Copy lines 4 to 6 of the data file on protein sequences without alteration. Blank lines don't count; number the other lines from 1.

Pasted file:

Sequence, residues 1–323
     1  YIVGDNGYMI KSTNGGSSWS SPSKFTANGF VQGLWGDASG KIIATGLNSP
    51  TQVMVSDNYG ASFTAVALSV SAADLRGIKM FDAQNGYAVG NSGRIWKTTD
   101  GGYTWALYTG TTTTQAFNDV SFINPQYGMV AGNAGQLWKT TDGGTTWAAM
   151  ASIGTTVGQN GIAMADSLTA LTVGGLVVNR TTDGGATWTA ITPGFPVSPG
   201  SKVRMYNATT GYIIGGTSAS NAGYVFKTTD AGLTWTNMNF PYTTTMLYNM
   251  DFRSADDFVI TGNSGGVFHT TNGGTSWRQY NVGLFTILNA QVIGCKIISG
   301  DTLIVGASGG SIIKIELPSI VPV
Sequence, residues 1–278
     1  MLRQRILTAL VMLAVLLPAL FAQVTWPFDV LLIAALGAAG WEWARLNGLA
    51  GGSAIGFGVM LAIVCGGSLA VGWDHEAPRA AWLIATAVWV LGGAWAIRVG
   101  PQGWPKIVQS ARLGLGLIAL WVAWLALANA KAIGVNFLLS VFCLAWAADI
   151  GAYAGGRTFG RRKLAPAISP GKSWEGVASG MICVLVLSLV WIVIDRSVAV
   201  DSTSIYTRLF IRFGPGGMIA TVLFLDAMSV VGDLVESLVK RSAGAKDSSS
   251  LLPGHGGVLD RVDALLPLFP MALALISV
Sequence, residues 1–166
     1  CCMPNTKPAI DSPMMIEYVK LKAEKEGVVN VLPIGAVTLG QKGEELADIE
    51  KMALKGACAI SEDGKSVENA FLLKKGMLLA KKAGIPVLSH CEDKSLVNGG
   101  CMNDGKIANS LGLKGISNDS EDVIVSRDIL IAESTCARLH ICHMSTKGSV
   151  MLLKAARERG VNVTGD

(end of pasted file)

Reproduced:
   101  GGYTWALYTG TTTTQAFNDV SFINPQYGMV AGNAGQLWKT TDGGTTWAAM
   151  ASIGTTVGQN GIAMADSLTA LTVGGLVVNR TTDGGATWTA ITPGFPVSPG
   201  SKVRMYNATT GYIIGGTSAS NAGYVFKTTD AGLTWTNMNF PYTTTMLYNM